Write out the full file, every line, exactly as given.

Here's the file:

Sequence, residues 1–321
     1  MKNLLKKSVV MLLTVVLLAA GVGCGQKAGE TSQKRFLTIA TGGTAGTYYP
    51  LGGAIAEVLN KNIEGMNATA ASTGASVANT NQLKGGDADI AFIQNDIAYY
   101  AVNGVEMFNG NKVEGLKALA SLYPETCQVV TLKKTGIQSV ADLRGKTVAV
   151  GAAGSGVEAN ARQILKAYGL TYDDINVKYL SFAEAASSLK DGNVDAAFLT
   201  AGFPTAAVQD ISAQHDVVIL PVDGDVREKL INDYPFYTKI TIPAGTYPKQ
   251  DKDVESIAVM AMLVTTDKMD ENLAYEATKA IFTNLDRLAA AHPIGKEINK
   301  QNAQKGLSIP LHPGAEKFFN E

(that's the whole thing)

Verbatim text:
Sequence, residues 1–321
     1  MKNLLKKSVV MLLTVVLLAA GVGCGQKAGE TSQKRFLTIA TGGTAGTYYP
    51  LGGAIAEVLN KNIEGMNATA ASTGASVANT NQLKGGDADI AFIQNDIAYY
   101  AVNGVEMFNG NKVEGLKALA SLYPETCQVV TLKKTGIQSV ADLRGKTVAV
   151  GAAGSGVEAN ARQILKAYGL TYDDINVKYL SFAEAASSLK DGNVDAAFLT
   201  AGFPTAAVQD ISAQHDVVIL PVDGDVREKL INDYPFYTKI TIPAGTYPKQ
   251  DKDVESIAVM AMLVTTDKMD ENLAYEATKA IFTNLDRLAA AHPIGKEINK
   301  QNAQKGLSIP LHPGAEKFFN E